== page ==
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The Battle Against Cancer is Helped by Mammorgraphy - Cancer is one of the most lethal diseases that greatly contributes to the death toll of millions people around the globe, especially breast cancer. However, as technologies are being modernized, humans took a major step forward in the battle against cancer by inventing mammography. In the past few years, mammograms helped save countless women’s lives, and consequently, it’s currently one of the leading research programs that attracts attention of many scientists. Basically, breast cancer happens when the amount of cells growth exceeds the amount of cells which die....   [tags: cancer, mammography, mammograms, ] 563 words
(1.6 pages)
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Reducing Your Risk of Breast Cancer - The one question that needs to be asked by women is “how can I reduce my risk of getting breast cancer?” because all women are at risk. It is very important that all women know how to lessen their chances of getting breast cancer because women are most vulnerable of developing the illness. It is estimated that over “192,370 women will be diagnosed with and 40,170 women will die” of breast cancer in the year 2009; both the number of diagnoses and deaths can be cut in half if women try to lower their risk of breast cancer (seer.cancer.org)....   [tags: Breast Cancer, risk, medical, ] 1454 words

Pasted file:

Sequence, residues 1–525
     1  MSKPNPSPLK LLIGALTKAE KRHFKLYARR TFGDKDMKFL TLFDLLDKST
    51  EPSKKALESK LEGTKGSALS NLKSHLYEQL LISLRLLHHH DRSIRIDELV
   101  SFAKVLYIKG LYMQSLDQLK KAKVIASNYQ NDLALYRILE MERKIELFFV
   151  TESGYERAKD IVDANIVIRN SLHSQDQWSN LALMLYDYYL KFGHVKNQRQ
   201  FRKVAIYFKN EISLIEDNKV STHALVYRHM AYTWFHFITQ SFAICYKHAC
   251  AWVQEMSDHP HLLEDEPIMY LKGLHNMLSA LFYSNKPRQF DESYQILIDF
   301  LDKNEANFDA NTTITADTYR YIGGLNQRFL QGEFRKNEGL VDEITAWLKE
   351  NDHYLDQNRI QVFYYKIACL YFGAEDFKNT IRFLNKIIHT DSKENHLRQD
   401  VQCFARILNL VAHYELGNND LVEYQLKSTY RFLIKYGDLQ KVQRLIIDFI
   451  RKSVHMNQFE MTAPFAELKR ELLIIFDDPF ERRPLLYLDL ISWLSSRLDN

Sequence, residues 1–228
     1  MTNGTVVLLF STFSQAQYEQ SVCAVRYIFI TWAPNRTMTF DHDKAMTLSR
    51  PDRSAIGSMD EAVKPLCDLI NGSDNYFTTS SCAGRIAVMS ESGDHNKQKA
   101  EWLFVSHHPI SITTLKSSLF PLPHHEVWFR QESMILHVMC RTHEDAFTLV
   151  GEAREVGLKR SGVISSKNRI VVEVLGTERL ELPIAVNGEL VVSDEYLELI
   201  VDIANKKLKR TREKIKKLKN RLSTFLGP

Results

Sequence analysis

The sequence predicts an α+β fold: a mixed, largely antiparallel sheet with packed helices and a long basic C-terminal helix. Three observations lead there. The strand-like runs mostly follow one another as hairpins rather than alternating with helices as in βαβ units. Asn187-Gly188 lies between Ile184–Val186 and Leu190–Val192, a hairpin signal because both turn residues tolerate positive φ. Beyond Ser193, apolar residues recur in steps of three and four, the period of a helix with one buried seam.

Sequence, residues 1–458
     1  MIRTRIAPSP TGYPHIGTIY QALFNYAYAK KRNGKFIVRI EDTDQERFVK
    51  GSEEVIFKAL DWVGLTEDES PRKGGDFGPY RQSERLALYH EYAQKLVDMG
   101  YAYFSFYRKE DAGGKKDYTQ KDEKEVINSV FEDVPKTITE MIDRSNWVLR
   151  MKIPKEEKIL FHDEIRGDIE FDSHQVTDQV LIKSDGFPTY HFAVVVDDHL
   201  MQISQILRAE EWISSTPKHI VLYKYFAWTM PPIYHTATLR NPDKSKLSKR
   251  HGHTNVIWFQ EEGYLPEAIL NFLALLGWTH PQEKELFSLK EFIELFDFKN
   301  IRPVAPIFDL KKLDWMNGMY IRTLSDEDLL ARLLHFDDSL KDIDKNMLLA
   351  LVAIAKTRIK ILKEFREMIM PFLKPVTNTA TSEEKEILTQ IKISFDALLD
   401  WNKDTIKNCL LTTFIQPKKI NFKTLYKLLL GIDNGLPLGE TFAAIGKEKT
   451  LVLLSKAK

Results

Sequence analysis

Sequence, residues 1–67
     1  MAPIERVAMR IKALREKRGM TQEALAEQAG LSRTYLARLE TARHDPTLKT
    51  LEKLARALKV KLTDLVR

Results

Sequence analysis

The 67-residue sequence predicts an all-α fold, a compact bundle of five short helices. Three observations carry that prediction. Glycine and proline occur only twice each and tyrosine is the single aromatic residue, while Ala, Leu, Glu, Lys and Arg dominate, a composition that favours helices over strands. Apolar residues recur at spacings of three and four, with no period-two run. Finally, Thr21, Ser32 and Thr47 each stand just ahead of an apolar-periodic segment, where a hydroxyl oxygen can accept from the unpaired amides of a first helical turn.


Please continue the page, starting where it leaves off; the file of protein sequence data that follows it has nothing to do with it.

(4.2 pages)
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Gender and Lung Cancer - Literature Review Lung cancer is the growth of abnormal cells in the lungs; it can either be in one or also in both. The growth of the lungs makes it easier for tumors to grow in them, which then causes cancer. Some symptoms that a person with lung cancer experiences is the following: coughing, pain in chest, shortness of breath, changes in voice, harsh sounds when breathing etc. There are different causes of lunch cancer in humans, the number one cause would be tobacco smoking, and other causes would be exposure to radon, secondhand smoke and air pollution (Zang, & Wynder, 1996)....   [tags: Abnnormal Cells, Lungs, Growth, Cancer]